The Tribune’s Curse: SPQR VII
It is 80 B.C., and Decius Cecilius Metullus the Younger is back again, returned from the war in Gaul to his native Rome, and running for an election that is bound to bankrupt him. On his way up the governmental office ladder to who knows where (no one has managed to stop Caesar, Decius’s commander in SPQR VI, and now his uncle-in-law), Decius gets broadsided into investigating the death of a tribune. Not just any tribune, mind you, but a tribune who has led the opposition to the Parthian War and one who, days before, stood atop the city gates and uttered to the assembled multitude a curse so terrible and forbidden that every Roman fears annihilation. Who better equipped than Decius to alleviate the stress and strain of impending annihilation and to propitiate the gods?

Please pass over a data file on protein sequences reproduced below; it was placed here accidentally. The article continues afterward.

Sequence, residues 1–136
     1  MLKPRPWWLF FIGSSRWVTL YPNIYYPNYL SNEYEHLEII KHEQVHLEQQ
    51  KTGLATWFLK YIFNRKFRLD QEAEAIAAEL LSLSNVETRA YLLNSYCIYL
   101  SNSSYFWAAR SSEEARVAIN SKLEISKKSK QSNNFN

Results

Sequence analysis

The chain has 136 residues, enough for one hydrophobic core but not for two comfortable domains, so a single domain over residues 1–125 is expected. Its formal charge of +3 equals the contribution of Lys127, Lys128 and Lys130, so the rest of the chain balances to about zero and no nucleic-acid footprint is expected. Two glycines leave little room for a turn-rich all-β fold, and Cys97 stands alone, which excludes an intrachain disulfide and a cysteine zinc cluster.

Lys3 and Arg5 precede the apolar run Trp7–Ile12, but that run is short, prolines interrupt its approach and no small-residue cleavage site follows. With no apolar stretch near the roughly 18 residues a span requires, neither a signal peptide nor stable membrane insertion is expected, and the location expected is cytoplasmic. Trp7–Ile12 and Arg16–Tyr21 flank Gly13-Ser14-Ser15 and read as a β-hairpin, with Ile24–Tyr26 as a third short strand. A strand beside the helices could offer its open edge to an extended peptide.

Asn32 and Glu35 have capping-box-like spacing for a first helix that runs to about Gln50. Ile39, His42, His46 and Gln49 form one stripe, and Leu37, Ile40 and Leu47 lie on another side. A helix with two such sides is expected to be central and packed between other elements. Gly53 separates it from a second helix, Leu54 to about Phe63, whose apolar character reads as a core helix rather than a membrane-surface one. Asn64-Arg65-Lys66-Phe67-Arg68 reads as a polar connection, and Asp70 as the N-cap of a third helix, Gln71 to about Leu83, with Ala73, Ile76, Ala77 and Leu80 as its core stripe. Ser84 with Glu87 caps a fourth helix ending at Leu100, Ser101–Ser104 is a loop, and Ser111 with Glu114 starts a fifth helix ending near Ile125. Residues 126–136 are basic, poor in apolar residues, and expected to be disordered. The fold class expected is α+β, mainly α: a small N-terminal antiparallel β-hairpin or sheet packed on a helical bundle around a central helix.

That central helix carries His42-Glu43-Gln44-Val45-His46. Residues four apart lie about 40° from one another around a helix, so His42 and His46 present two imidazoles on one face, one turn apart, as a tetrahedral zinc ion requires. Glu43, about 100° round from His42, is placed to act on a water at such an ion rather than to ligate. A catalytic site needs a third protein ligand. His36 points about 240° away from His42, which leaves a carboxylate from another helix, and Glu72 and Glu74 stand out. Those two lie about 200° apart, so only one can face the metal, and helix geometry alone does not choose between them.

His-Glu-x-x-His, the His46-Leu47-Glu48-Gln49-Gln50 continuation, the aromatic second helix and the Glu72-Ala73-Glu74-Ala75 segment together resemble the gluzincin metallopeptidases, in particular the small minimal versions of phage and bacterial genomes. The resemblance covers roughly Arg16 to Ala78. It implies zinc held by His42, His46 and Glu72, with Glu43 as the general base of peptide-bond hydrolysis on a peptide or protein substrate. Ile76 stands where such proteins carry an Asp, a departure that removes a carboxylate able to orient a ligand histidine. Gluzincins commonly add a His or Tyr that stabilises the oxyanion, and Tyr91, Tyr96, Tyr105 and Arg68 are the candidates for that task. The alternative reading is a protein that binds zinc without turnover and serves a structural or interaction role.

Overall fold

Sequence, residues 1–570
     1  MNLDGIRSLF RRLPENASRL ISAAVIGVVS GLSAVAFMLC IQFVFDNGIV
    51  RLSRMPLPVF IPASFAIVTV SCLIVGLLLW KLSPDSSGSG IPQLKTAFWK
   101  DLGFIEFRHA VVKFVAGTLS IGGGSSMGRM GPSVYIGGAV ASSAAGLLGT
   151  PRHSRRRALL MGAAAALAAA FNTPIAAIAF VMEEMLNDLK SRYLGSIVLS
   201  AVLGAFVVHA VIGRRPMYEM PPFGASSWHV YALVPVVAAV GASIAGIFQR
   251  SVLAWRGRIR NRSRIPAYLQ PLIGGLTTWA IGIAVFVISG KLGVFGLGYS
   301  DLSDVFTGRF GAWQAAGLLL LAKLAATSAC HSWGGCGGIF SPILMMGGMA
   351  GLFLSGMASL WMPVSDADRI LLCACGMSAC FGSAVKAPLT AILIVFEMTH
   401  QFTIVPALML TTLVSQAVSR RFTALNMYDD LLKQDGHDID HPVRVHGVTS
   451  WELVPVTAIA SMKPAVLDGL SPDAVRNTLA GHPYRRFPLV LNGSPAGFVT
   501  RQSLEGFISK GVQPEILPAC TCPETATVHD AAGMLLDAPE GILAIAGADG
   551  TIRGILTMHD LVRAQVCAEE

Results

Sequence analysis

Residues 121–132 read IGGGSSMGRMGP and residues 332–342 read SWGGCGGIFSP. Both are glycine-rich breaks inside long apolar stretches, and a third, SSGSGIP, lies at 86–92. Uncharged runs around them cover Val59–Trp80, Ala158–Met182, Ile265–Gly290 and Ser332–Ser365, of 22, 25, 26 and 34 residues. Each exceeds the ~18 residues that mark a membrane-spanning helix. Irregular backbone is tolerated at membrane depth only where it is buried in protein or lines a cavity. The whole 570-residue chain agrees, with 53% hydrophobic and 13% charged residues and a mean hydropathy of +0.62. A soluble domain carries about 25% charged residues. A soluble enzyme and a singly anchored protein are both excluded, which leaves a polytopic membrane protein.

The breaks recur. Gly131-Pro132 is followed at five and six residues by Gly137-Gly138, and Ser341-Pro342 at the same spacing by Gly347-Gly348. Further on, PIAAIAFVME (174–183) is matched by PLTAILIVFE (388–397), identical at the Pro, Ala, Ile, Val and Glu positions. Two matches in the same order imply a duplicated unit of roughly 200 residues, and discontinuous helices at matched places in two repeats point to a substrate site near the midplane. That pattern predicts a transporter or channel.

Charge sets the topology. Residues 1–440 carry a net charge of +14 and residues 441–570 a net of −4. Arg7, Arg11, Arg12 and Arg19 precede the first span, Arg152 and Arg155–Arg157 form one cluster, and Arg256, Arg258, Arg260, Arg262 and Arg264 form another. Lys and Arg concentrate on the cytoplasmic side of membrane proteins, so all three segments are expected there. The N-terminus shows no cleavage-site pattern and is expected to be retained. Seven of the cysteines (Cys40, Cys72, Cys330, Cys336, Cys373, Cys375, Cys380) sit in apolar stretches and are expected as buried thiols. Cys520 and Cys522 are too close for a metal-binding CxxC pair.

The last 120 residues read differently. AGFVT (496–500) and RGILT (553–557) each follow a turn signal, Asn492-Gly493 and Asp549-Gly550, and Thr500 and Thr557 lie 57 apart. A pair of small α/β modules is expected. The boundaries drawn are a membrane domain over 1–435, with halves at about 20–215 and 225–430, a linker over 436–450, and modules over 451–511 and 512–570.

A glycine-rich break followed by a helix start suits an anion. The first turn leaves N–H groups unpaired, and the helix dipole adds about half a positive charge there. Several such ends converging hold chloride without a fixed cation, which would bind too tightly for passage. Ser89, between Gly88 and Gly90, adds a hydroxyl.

Now a married, up-and-coming political figure in Rome, Decius just becomes more attractive, more clever and funnier by the page. At the same time that the viciousness and often, rank stupidity, of Roman politics is revealed, the deep and abiding mystery of the Roman religion is sensitively addressed. We never feel that Roberts is making fun of such a silly curse or making fun of Romans for fearing the potentially devastating effects of it. This is a slice of Roman life at its most vulnerable.
Imaginative, evocative of the time and place and always seeing the humor in life, Roberts captures the best and worst of Roman society. Julia, Decius’s new wife and one of the socially climbing matrons of Rome, is a pleasant new addition to the cast of characters. It seems like there is no end to the trouble that Decius may find himself in, come future installments. I can’t wait.